Good evening, all, and – for those of you attending – welcome to Chicago and APHA’s Annual Meeting! According to tradition (and my job besides), I will be blogging my experiences at the Annual Meeting. I arrived yesterday, so I am obviously behind, but hopefully section readers will forgive the delay. After saying up all night to revise my late-breaker proposal (more on that below), it was all I could do yesterday to eat dinner and collapse into bed after a busy (and hectic) start to the meeting.
Scrambling a Late-Breaker Policy Proposal: Opposition to Forced HIV Testing as a Condition of Employment for Foreign Nationals
After the UN CERD issued its ruling that South Korea’s policy of mandatory HIV tests for foreign English teachers constituted racial discrimination, I joined forces with our Section’s Advocacy/Policy Committee, along with the HIV/AIDS Section (which endorsed the late-breaker) to craft a late-breaker policy for APHA to take a stance against HIV tests as a condition of employment for immigrants. Having never written a policy proposal before, there was a lot of trial and error on my part, but after some back-and-forth and fine-tuning, I submitted the proposal in mid-September on behalf of the IH Section. I was disappointed to receive the rejection letter last Tuesday but chalked it up to my inexperience with the process and resolved to re-submit it as a full policy proposal for next year’s meeting.
Imagine my surprise when, on Saturday afternoon, I got another e-mail from the Joint Policy Committee explaining that they had changed their ruling to allow the policy to proceed to the JPC hearings on Sunday. I cheerfully forwarded the message on to the colleagues who had helped me…and then I realized that I would have to revise the proposal according to the suggestions in the initial rejection letter in the next 24 hours. So, after a delightful afternoon at Austin Comic Con as Attack on Titan‘s Annie Leonhart, I spent the rest of the day revising the late-breaker and scrambling to arrange meetings with willing colleagues in other Sections (many thanks to Andy Baker-White from the Law Section) to serve as a fresh pair of eyes.
International Health Section: First Business Meeting
After sending off the revised late-breaker, it was time for the IH Section’s first business meeting. I must say that it continues to improve each year, and this year’s approach was targeted and purposeful for student members in particular, who had a chance to rotate to different committee and working group chairs seated at different tables. As usual, we had quite a few students who were interested in learning more about what we do and how they could get involved in our activities. It was great to see longtime colleagues and meet new people. Students, please visit our About page for contact information for our committees and working groups, and reach out to get involved!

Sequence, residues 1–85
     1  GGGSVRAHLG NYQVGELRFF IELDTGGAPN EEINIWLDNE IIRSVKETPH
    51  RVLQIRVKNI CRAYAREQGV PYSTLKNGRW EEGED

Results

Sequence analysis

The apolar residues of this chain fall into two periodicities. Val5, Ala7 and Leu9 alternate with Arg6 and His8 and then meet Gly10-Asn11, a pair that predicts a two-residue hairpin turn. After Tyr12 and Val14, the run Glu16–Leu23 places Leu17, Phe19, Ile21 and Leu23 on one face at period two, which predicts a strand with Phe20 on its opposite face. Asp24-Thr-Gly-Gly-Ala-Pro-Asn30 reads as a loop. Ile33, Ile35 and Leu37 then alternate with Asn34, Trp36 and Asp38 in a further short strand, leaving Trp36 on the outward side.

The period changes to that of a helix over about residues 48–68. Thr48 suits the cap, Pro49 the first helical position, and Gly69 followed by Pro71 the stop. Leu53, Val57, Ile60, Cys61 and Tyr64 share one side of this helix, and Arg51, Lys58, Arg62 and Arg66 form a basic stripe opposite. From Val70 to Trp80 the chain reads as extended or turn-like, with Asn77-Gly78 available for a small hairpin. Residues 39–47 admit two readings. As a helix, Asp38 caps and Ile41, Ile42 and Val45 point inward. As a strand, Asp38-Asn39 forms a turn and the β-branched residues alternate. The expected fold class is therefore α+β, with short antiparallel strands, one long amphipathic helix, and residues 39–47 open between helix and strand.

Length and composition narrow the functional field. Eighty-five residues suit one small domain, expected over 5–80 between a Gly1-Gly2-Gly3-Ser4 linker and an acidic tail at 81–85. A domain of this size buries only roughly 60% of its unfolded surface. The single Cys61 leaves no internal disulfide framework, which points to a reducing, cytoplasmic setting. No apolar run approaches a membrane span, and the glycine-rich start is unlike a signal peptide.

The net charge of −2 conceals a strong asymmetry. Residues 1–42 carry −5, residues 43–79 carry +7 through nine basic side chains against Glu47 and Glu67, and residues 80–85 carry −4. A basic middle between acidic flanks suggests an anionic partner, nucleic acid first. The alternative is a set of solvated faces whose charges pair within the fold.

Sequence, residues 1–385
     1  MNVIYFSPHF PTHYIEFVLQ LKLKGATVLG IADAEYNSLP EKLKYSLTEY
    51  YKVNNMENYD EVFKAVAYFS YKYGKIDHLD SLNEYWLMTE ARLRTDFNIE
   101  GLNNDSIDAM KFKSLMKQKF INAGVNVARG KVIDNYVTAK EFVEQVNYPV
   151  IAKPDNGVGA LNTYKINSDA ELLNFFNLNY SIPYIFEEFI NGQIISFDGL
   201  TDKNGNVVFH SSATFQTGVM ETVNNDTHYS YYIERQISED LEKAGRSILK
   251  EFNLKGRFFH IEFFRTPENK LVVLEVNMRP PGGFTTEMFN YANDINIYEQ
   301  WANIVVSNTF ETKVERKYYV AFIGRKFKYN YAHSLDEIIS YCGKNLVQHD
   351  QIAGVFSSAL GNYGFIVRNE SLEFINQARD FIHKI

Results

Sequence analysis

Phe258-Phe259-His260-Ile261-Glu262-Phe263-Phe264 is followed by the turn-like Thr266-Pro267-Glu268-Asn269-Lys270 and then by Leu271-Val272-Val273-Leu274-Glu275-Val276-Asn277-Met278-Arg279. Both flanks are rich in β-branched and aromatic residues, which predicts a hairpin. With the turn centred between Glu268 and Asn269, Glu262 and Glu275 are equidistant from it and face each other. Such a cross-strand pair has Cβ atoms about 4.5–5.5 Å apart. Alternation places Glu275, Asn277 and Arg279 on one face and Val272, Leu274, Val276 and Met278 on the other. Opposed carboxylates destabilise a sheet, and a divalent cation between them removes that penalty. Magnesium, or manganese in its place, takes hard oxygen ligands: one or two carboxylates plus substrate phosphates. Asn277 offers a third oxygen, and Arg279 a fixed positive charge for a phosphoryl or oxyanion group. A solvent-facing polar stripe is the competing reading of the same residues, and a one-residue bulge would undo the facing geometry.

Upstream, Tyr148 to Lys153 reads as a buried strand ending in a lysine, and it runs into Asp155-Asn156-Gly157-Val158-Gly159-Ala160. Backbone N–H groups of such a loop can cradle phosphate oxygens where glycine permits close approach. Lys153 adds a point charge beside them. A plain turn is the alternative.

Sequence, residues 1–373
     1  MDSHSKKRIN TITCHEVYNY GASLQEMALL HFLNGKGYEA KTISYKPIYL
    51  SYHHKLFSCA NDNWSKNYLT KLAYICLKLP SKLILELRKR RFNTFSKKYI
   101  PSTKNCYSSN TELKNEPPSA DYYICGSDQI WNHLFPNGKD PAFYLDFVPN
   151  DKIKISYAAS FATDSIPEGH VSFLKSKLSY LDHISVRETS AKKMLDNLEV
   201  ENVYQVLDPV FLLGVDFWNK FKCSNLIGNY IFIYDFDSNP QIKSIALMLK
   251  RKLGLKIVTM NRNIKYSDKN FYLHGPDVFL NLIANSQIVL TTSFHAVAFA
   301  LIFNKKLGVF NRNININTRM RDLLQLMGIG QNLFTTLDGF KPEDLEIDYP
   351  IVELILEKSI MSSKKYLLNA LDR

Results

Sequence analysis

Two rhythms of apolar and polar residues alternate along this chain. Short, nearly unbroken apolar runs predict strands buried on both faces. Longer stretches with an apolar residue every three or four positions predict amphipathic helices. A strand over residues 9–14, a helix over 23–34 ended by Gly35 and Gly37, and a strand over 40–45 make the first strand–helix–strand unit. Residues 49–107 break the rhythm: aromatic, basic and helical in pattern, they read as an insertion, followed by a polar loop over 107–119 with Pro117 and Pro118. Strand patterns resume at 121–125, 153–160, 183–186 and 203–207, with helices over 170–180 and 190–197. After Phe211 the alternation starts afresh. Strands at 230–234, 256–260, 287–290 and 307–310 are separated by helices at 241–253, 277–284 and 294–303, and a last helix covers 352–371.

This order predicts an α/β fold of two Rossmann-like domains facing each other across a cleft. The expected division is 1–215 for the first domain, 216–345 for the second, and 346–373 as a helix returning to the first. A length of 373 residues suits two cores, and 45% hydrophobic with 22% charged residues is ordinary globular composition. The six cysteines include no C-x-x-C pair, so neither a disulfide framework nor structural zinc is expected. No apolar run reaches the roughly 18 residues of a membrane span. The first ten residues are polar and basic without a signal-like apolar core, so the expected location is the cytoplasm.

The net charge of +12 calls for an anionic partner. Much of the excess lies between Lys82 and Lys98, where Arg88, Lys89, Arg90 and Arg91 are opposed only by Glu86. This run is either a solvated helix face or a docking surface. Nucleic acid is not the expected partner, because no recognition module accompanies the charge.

JPC Hearings: Part Two of the Sudden Late-Breaker Saga
After submitting the revised draft of the Late-Breaker and (re)connecting with IH Section members, I dashed off to the JPC hearings for policy proposals and late-breakers. I was slightly intimidated at the prospect of explaining (and potentially defending) the late-breaker, but Kevin Sykes, our A/P Committee Chair, helpfully broke down the procedures and let me know what to expect. The hearings themselves were pretty tame (although to be fair, my own mental picture of Benghazi-esque questioning was probably not realistic). Fortunately, our late-breaker received support from the HIV/AIDS Section and the Occupational Health and Safety Section and was recommended to the Governing Council for adoption by the JPC. Success!
It just goes to show that even someone totally green can succeed with enough support and persistence (and very little sleep).
Soon to follow: Monday is for Networking (and Ninjas for Health). Stay tuned!
2 thoughts on “#APHA15, Day One: Sunday is for Scrambling a Late-Breaker and Section Introductions”
Thx, JK, for keeping us updated…Love the mix of prof. and personal (Austin ComicCon!) glimpses you give in everything you write 🙂